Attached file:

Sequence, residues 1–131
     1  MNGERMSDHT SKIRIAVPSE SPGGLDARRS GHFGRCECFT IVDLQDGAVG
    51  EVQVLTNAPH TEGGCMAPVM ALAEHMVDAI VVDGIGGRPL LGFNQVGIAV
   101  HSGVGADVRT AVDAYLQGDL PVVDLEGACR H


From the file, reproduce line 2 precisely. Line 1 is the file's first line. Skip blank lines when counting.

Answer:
     1  MNGERMSDHT SKIRIAVPSE SPGGLDARRS GHFGRCECFT IVDLQDGAVG